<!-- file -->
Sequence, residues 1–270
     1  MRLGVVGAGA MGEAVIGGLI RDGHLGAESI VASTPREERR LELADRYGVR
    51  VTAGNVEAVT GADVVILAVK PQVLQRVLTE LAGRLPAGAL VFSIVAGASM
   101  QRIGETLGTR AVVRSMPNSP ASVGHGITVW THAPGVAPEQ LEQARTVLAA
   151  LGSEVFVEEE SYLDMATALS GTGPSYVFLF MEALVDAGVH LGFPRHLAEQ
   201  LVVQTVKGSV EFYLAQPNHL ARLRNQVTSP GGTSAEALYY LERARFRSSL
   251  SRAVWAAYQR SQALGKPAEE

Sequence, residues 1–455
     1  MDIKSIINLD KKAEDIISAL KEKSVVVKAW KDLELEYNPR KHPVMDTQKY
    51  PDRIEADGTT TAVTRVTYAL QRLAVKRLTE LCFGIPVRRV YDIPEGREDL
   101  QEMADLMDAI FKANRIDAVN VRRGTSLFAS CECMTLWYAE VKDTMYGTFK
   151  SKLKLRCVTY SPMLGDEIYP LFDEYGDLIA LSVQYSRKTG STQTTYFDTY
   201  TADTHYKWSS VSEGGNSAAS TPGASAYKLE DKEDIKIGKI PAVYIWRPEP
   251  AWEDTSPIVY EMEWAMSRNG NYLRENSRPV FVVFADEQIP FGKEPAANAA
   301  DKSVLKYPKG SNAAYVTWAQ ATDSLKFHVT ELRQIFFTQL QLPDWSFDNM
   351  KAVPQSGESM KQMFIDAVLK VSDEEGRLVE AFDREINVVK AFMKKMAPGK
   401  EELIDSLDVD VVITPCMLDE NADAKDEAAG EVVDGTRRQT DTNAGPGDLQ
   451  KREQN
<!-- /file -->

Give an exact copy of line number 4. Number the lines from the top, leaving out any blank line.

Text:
   101  QRIGETLGTR AVVRSMPNSP ASVGHGITVW THAPGVAPEQ LEQARTVLAA